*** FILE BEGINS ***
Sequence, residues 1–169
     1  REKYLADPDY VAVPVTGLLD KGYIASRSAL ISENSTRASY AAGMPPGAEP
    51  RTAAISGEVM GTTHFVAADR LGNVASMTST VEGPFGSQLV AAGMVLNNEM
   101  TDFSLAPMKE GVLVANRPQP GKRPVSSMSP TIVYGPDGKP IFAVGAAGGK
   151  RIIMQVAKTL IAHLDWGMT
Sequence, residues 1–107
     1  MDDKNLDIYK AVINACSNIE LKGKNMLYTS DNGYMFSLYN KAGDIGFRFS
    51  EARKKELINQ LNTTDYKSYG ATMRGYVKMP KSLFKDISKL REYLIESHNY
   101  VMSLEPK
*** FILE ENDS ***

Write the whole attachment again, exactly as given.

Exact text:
Sequence, residues 1–169
     1  REKYLADPDY VAVPVTGLLD KGYIASRSAL ISENSTRASY AAGMPPGAEP
    51  RTAAISGEVM GTTHFVAADR LGNVASMTST VEGPFGSQLV AAGMVLNNEM
   101  TDFSLAPMKE GVLVANRPQP GKRPVSSMSP TIVYGPDGKP IFAVGAAGGK
   151  RIIMQVAKTL IAHLDWGMT
Sequence, residues 1–107
     1  MDDKNLDIYK AVINACSNIE LKGKNMLYTS DNGYMFSLYN KAGDIGFRFS
    51  EARKKELINQ LNTTDYKSYG ATMRGYVKMP KSLFKDISKL REYLIESHNY
   101  VMSLEPK